10 Questions for Brenda Nixon10 Questions for Brenda Nixon
1. Tricia: I've purchased numerous copies of Parenting Power to pass out to other moms, especially the young moms I mentor. Why did you decide to write this book?
Brenda: As a new mom, some days I felt as stupid as a doorknob. I remember wanting to feel confident in the decisions I was making with my children and I craved advice that respected me and didn't make me feel more stupid. Back then, there weren't many parenting resources available. More recently, as a speaker to parent and childcare provider audiences, I realized the demand for solid information and encouragement continues. So I gathered many of the favorite columns I'd written for a parenting magazine and put them together in my book Parenting Power in the Early Years. It is designed as a short, easy read for busy parents and empowers them with education and encouragement.
2. Tricia: You also speak at numerous events. What is the #1 parenting question you're asked most often?
Brenda: Probably the most frequent question is about discipline: tantrums, biting, getting kids to mind, teaching responsibility, etc. Since discipline is ongoing - parents must work at it daily - it seems to be the issue at the front of everyone's mind. Most parents really want to be balanced, neither too lenient nor too strict, and that takes a lot of energy. This is why I now offer a free Daily Discipline Tip service to subscribers. If anyone wants to receive a thought or reminder to help in her daily encounters with kids, she can subscribe at my site www.brendanixon.com.
3. Tricia: So many parents are overwhelmed with trying to raise confident kids in an overwhelming world. What bit of advice can you offer?
Brenda: Parenting is a 24/7 job with no pay raises, vacations, nor bonuses, so it easy to feel overwhelmed trying to do a good job. I encourage parents to embrace their sacred and enormous task without trying to do everything else; being in clubs, community events, extra sports, travel, etc. Spend time with the kids while they're at home and under your influence. I often remind parents, "You can have it all, just not all at once." Say "No" to outside obligations right now if you have children living in the home. Relax, enjoy, and parent your kids - that is an honorable career in itself. When your kids see that you truly want to be with them, they will grow up feeling worthy and confident in this overwhelming world.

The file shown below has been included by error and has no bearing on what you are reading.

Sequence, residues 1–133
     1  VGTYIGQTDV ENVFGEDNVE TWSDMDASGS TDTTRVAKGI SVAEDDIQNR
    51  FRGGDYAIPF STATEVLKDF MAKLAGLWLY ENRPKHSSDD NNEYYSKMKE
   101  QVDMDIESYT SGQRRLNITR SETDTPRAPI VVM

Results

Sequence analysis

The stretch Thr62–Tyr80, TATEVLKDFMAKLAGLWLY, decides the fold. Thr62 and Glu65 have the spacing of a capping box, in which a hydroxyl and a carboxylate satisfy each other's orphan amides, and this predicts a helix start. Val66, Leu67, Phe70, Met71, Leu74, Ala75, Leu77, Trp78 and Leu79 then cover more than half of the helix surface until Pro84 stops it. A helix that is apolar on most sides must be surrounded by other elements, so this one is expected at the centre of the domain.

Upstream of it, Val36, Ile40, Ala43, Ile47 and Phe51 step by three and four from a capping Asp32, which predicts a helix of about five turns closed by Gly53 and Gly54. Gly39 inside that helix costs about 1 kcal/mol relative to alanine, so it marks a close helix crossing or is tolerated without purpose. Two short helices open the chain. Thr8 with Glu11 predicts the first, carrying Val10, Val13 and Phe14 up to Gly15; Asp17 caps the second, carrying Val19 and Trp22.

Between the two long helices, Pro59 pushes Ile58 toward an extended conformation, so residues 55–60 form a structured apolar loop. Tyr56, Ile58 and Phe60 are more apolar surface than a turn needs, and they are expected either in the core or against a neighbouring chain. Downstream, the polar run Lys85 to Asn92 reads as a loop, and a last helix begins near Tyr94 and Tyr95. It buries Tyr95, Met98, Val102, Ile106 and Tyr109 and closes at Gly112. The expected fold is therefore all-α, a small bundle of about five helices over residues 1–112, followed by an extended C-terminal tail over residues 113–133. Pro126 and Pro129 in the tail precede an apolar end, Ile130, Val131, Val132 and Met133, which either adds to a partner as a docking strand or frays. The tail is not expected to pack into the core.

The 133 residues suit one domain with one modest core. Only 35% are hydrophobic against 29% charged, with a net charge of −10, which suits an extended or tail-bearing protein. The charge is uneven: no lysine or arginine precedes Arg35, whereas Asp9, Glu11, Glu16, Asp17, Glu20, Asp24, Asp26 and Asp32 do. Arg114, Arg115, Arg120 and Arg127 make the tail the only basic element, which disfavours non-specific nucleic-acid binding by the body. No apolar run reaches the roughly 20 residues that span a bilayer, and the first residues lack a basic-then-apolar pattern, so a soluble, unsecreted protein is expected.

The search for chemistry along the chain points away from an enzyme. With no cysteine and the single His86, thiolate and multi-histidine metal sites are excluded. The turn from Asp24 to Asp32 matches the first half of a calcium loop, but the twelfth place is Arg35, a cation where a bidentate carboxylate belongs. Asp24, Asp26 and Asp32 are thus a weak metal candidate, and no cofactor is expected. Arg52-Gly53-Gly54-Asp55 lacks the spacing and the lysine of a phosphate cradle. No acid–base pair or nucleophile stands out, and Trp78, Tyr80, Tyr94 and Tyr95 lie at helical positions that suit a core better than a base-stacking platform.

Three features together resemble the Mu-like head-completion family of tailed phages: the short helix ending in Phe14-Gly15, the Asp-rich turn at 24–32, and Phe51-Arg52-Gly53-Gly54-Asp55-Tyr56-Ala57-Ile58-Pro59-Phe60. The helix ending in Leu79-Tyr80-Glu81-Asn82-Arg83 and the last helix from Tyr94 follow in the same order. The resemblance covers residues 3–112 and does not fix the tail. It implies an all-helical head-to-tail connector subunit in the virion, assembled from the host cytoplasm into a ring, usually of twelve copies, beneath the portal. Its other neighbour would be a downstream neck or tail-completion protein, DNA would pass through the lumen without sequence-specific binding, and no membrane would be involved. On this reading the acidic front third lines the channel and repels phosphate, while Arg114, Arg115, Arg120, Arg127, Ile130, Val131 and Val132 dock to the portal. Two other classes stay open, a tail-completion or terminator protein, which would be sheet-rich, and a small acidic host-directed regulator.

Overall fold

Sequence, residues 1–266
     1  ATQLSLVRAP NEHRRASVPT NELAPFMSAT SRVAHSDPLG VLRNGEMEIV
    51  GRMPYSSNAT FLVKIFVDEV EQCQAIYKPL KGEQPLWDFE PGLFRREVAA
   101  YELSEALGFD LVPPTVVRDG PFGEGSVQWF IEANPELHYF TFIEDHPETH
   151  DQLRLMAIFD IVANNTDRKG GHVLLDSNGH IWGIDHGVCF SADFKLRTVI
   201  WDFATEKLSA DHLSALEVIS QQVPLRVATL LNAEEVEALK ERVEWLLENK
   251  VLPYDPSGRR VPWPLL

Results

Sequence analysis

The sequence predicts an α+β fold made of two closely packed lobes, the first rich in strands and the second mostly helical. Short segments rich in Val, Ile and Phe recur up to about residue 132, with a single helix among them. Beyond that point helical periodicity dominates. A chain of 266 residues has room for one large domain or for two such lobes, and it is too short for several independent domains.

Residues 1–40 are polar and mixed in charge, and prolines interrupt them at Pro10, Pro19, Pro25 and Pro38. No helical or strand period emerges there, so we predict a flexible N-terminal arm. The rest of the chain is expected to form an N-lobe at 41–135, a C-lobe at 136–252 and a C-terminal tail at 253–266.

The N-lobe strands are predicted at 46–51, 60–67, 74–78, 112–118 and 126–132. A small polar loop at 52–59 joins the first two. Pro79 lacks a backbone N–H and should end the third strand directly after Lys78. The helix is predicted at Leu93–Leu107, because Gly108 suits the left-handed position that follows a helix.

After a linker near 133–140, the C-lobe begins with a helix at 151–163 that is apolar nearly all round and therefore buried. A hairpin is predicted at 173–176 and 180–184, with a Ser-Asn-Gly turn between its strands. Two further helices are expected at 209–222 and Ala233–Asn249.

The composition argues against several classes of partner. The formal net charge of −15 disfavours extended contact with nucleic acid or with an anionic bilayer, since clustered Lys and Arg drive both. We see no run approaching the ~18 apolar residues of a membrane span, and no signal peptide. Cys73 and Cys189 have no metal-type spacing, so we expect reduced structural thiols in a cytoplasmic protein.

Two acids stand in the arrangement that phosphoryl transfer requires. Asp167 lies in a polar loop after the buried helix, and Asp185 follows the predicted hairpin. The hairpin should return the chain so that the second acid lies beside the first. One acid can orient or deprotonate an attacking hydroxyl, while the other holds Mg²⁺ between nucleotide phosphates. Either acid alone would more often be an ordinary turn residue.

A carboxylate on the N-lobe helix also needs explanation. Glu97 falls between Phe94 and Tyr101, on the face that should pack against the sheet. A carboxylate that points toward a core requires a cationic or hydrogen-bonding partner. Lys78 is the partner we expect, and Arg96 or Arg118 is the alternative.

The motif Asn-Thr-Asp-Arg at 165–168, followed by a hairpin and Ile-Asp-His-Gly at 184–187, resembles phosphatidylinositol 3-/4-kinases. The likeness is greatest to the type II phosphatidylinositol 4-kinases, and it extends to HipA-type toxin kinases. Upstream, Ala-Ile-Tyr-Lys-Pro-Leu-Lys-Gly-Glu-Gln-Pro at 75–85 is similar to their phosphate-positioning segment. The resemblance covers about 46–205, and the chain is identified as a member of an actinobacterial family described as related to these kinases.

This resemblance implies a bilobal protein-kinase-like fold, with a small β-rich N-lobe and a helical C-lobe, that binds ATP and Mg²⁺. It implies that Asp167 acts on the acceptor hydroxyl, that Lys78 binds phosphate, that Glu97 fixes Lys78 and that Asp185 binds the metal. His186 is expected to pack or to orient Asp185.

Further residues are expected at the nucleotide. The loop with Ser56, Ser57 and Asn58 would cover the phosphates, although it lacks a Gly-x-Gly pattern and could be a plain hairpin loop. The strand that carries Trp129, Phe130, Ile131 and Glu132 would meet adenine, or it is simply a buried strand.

4. Tricia: You have worked with numerous children, in addition to raising your own, what gives you the most joy when it comes to working with kids?
Brenda: Their innocence and zest for life! I've taught preschool, been a substitute teacher in the public schools, and volunteer in our church nursery. It's refreshing to look into the bright eyes of eager children, to answer their naive questions, and provide comfort and guidance. Kids live in the here and now and their enthusiasm is contagious to me.
5. Tricia: One thing parents (mothers especially) struggle with is comparing themselves to other moms. What advice can you give for this?
Brenda: Oh yes, I've fallen in this trap a time or two. My only piece of advice is to remember, comparison is the root of all unhappiness.
6. Tricia: When did you decide you wanted to write for publications? What encouragement can you offer to mothers who have their own dreams?